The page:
All Posts by Rochelle Short

Airbnb in Beta

photo (3)I live in Seattle, the picturesque city best known for grunge rock of the ’90s and the movie Sleepless in Seattle, filmed on quaint Lake Union, shown here. It’s also home to the headquarters of Microsoft, Starbucks, Costco, Nordstrom, and Amazon—just to name a few. More than half of my friends work for Amazon. Lately, I’ve started to notice how they sound and I feel when they talk about their company. Continue reading

Little Things

photo (24)“I don’t know where the idea came from, but I asked whether she used a good luck totem when she was playing.”

We are both writers, and as we sipped our tea in the late hours of morning, we talked about our love of people and the craft of writing. We reveled in how, again and again, unexpected things appear and make magic out of nothing. Continue reading

Airbnb Tips for Hosting: The Social Animal

IMG_1778“We have never used AirB&B before so this will be a new experience for us, and, not being social people, we are concerned that we might need to ‘socialize’ with our hosts. That would be so not us!”

I received this message from a guest a few weeks ago and I have to admit, I appreciated her candor. In a perfect world, if I could add features to the Airbnb interface, I would add a personality portion where guests could state their social inclinations. Continue reading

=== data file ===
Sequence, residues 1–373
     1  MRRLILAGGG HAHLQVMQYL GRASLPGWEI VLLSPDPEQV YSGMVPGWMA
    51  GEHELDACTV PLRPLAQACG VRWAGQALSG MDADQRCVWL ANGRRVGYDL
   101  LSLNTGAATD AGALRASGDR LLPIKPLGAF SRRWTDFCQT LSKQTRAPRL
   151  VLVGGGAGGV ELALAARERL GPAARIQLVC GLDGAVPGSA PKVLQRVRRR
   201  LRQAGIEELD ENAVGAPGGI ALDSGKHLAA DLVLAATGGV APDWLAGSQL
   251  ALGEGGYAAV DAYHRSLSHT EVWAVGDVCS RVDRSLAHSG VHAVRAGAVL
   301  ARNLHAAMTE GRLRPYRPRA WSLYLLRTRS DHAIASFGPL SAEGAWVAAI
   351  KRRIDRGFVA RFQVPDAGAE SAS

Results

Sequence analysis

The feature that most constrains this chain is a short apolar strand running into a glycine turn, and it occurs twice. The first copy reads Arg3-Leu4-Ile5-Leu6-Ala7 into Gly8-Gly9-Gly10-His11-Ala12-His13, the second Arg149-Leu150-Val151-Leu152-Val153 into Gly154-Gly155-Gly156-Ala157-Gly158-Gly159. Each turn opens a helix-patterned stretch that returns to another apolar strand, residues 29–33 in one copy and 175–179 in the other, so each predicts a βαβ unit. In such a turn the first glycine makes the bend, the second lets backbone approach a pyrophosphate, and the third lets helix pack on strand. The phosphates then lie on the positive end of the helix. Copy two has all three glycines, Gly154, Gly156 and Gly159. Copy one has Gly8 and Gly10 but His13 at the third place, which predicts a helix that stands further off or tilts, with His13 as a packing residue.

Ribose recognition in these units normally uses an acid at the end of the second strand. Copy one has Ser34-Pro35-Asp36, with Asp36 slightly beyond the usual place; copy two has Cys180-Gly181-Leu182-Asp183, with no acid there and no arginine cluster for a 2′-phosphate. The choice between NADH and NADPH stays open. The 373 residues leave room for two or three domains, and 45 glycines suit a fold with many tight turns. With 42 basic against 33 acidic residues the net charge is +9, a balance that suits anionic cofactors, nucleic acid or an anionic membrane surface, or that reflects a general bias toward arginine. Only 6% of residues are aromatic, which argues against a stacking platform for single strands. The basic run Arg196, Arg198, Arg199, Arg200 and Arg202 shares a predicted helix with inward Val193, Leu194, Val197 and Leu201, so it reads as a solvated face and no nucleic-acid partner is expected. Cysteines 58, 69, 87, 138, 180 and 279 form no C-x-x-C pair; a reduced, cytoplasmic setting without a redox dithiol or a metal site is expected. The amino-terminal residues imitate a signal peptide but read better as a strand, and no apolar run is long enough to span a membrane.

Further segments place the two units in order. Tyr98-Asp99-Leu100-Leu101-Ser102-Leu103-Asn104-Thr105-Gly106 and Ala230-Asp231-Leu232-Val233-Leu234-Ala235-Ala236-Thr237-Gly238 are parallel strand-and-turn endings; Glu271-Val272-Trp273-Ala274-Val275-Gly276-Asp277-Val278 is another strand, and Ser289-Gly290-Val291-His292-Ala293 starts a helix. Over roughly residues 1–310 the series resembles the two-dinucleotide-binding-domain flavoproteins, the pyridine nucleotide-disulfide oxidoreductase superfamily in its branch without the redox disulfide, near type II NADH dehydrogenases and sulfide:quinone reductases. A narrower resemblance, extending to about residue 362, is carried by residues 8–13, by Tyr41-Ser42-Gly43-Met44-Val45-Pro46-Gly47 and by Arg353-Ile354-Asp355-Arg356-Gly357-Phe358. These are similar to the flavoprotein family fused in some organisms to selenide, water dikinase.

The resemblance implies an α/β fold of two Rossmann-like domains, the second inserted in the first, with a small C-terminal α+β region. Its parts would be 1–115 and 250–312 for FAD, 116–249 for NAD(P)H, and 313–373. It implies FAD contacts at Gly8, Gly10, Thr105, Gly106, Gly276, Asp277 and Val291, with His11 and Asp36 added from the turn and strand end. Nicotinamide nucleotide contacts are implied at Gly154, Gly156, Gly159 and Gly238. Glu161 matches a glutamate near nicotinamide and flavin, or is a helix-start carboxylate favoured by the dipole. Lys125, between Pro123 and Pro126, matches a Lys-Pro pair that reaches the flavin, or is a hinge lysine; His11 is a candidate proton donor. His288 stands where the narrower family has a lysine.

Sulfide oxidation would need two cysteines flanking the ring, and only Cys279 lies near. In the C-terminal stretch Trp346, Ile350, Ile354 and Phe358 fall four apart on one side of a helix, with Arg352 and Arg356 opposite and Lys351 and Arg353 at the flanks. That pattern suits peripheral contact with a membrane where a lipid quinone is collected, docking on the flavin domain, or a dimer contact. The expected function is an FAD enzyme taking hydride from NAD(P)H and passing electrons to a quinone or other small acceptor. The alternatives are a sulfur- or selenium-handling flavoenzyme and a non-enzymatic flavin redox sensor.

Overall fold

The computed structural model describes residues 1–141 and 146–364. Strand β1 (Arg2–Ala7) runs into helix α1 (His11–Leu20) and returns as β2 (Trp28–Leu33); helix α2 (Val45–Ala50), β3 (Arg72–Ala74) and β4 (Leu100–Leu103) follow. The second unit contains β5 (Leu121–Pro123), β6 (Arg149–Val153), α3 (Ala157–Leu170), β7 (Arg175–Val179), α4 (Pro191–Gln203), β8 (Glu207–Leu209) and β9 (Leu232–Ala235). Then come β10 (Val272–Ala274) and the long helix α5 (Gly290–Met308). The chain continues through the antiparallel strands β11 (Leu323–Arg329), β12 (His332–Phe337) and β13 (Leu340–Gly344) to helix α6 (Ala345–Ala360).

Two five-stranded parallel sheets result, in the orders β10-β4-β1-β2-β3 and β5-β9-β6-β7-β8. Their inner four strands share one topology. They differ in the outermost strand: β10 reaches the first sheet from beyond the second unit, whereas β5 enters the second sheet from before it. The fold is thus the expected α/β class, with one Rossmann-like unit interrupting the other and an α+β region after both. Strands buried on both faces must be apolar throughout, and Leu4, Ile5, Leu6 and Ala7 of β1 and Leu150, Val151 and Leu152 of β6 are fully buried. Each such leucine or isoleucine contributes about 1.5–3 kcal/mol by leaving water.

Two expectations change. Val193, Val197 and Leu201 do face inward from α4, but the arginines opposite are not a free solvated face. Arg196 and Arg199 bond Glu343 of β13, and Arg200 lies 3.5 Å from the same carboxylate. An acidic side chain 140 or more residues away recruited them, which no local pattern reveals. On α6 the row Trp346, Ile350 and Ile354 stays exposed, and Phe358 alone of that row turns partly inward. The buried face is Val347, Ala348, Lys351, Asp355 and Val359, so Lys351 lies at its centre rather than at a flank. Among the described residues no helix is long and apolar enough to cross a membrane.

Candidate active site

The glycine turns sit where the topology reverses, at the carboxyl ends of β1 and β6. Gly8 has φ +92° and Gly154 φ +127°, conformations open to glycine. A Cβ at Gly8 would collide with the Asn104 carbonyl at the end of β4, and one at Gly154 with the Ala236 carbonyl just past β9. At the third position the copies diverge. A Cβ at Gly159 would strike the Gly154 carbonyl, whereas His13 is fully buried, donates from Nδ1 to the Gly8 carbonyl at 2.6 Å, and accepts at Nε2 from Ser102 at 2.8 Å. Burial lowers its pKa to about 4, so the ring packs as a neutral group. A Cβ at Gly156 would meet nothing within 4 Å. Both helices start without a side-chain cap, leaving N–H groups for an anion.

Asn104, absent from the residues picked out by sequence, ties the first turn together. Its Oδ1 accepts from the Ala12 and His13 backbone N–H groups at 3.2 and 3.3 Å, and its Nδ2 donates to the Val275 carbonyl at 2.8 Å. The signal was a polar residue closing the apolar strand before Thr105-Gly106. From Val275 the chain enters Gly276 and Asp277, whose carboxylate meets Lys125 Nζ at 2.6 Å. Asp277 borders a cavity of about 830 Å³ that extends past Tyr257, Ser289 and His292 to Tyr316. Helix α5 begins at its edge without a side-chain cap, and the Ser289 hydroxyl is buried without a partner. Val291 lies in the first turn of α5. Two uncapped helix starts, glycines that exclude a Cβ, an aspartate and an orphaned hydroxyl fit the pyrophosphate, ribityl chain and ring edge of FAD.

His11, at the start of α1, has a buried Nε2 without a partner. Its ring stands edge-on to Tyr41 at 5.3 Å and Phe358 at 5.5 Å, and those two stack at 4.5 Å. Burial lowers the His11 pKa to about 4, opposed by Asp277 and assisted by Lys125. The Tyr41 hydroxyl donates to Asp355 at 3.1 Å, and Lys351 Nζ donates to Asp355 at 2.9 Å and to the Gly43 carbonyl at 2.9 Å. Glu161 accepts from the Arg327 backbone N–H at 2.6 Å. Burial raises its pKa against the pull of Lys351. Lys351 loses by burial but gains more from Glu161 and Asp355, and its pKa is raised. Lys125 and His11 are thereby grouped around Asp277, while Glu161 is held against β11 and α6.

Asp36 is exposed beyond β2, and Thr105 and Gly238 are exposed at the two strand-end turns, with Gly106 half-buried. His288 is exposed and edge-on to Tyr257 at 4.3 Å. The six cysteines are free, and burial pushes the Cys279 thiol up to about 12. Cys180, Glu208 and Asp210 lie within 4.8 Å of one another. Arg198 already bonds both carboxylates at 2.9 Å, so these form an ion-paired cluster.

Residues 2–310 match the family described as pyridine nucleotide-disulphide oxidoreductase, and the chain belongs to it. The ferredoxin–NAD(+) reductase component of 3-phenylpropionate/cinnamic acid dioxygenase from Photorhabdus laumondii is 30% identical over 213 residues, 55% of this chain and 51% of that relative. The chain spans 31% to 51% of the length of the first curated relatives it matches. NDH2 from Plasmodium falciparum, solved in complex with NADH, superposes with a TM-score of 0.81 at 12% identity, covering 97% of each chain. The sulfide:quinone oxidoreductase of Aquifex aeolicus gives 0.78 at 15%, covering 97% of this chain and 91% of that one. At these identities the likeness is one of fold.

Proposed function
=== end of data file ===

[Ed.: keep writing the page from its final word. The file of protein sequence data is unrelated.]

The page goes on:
Showing Up

photo (7)On Friday afternoon, as I sorted laundry—matching duvet covers to sheet sets and pairing taupe towels—I went over the details of who’d be arriving at my house that day. I was out of practice. A family friend (and Microsoft intern) had left earlier in the week after a three-month stay. My other guest, a woman from Boston who’d interned at a financial company, had checked out that morning on her last day of work. She’d been with me since mid-June. Continue reading

Airbnb Hosting Tips: The Coffee Conundrum

photo (23)One of the struggles I experienced when I first started hosting on Airbnb was trying to anticipate things my guests would want and need. For example, I didn’t own a microwave. I’m a gal who grew up with a mother who raised me on a steady diet of warnings about possible radiation from cell phones and microwaves—and guilt trips about not slowing down enough to heat something up on the stovetop. Continue reading